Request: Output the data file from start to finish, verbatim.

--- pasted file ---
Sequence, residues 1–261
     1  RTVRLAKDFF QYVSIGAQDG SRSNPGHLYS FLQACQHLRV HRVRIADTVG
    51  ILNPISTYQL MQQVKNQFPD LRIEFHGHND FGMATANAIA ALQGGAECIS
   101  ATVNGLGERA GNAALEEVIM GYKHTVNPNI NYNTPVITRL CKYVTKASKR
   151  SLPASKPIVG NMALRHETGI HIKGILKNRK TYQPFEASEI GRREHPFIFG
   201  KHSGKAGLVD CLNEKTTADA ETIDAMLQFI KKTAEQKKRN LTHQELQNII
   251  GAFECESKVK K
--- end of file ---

Sequence, residues 1–261
     1  RTVRLAKDFF QYVSIGAQDG SRSNPGHLYS FLQACQHLRV HRVRIADTVG
    51  ILNPISTYQL MQQVKNQFPD LRIEFHGHND FGMATANAIA ALQGGAECIS
   101  ATVNGLGERA GNAALEEVIM GYKHTVNPNI NYNTPVITRL CKYVTKASKR
   151  SLPASKPIVG NMALRHETGI HIKGILKNRK TYQPFEASEI GRREHPFIFG
   201  KHSGKAGLVD CLNEKTTADA ETIDAMLQFI KKTAEQKKRN LTHQELQNII
   251  GAFECESKVK K